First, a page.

Watch: David Thomson on ‘Psycho’ and the Playful Cruelty of Hitchcock

There have been two consistent complaints lodged against the Academy of Motion Picture Arts and Sciences. One is their mostly-white, mostly-old, and mostly-male voting bloc, which they took strides to diversify in 2016. The other is that its voters are enamored by the story of themselves, which may prove tougher to fix. This year’s list of nominees for the 89th Academy Awards saw “La La Land,” a saccharine musical about Hollywood dreamers, pick up a record-tying fourteen nominations. This, after “Birdman” and “The Artist” picked up top honors in 2015 and 2012, respectively.

The Academy, of course, also regularly promotes socially progressive stories outside the vain echo chamber it sometimes swirls in. But if you want to harumph yourself into a corner over their mirror-mirror ways, you can rejoice in knowing the Awards will never have final say over what we as Collective Critics deem ‘classics.’ Take, for example, two films: “Shakespeare in Love” and “Psycho.” One of these movies won Best Picture, and the other was actually good. (Hint: Both feature misunderstood protagonists but the winner’s didn’t kill people.)

And that’s to be expected. Rewards reflect their times more than the subjective art of filmmaking and storytelling. Alfred Hitchcock was nominated for Best Director five times and didn’t win once, but we’ll all remember “Psycho’s” shower scene, or that rainy car ride, or that peep hole, far more than the yearnings of a scribe whose story has been retread for centuries.

In the spirit of geeking out over films we can all get behind, join David Thomson, author of How to Watch a Movie, and Michael Barker in the video above talk about the rewatchability of “Psycho” and the playfully cruel ways in which Hitchcock toyed with his audience.

Transcript of David Thomson and Michael Barker on “Psycho” and the Playful Cruelty of Alfred Hitchcock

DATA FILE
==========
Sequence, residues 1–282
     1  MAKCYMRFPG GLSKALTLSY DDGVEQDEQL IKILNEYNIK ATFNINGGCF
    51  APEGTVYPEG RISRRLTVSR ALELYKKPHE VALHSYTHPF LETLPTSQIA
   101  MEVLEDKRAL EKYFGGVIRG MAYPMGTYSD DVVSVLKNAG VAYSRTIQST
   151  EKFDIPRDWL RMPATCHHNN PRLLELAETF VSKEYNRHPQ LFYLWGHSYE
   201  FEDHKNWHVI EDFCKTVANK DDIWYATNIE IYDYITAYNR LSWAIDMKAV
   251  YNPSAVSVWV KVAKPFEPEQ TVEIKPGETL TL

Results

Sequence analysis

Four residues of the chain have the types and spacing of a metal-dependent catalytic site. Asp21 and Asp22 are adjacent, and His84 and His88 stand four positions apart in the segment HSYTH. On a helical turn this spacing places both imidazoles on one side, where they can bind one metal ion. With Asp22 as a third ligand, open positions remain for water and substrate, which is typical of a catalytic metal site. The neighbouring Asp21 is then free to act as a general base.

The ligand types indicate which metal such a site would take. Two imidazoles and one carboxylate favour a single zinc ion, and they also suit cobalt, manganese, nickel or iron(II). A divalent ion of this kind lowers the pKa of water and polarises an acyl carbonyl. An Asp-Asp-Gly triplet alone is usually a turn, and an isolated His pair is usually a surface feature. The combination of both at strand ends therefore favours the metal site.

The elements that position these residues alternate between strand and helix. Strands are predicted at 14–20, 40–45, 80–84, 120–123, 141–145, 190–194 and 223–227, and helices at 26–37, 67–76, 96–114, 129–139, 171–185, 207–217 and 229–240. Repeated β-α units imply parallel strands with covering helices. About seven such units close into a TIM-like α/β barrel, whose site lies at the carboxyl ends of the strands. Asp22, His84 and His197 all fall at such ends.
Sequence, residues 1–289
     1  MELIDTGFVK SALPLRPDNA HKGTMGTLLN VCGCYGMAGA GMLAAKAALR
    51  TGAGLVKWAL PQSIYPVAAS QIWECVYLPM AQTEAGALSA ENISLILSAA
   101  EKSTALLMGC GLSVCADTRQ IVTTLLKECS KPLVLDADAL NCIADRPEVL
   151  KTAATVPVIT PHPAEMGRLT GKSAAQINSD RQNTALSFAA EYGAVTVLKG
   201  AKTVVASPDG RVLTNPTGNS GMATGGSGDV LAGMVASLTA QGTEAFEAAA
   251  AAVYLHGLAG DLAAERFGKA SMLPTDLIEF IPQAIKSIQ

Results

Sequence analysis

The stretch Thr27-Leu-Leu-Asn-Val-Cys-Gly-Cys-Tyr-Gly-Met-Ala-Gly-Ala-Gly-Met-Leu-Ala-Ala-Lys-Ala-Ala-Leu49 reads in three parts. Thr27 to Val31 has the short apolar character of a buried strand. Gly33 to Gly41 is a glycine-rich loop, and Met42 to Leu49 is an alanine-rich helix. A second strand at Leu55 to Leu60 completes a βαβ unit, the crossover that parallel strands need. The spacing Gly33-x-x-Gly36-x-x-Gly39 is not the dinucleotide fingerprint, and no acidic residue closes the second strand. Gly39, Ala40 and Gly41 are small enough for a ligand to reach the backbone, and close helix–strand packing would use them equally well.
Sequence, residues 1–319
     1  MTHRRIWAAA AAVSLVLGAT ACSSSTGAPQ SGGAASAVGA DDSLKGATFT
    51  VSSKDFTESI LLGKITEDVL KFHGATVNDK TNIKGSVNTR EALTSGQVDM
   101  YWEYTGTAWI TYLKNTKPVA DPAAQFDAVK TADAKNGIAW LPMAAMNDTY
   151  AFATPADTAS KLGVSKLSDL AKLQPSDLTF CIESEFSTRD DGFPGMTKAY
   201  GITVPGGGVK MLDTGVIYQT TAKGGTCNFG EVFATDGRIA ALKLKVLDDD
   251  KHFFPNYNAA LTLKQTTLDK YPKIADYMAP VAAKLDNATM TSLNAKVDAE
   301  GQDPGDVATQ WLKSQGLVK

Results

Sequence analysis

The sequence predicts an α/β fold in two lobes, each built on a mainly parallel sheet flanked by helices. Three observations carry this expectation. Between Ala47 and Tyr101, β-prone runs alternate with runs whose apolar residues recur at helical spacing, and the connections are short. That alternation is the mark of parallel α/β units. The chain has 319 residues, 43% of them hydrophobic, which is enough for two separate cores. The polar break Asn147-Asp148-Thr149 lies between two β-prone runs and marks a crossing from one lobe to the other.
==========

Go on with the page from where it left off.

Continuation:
DAVID THOMSON: I always say that Hitchcock is the best director to teach because every shot, every frame, Hitchcock is making decisions. So he illustrates the nature of the medium. You know what I mean? He’s always doing something odd and remarkable.

I still remember seeing “Psycho” for the first time. I was nineteen, in London, huge empty theater. The first performance, the sort of lunchtime performance on a Friday. And I didn’t know much about the film — that ideal state, you know, we all know too much about films now — and then comes the shower killing. I was nineteen, and when you’re nineteen you think you’re sort of tough, you can handle life, you know? I remember saying under my breath to the film, Don’t do that again, please!

MICHAEL BARKER: I remember — I saw “Psycho” so many times — but I remember once I saw “Psycho” at a revival house and towards the end when Vera Miles decides to make that turn to go down to the basement, this lady yelled out at the screen, Don’t do that! Haven’t you seen this movie?

DT: [laughs] But that is Hitchcock, he makes you feel like you’re making a movie.

MB: But she’s seen it many times and it’s still like it’s the first time. You talk in this book about how we love the movies because we love this aspect of being alone, of this solitude, and that’s all about Hitchcock.

DT: And he had this great sense of the audience and why we go into the dark to fantasize. It’s almost as if he’s saying to us, Oh so you’re coming into my dark? You think you’re brave enough for my darkOK, sit down. I’m going to put you through it. And you know he often talked about putting the audience through it, testing them. And there was a…cruel side to Hitchcock, you could feel it in all the films. But he understood that sort of sex and violence appeal that everyone has always had in going to the movies.

MB: But something you talk about in the book is that real life can be really traumatic. You know if you encounter crime in real life, or if you’re assaulted in real life, it’s very, very traumatic. But in films–

DT: We just eat it up!

MB: We eat it up, and that’s the thing that Hitchcock knew.

DT: He understood, totally.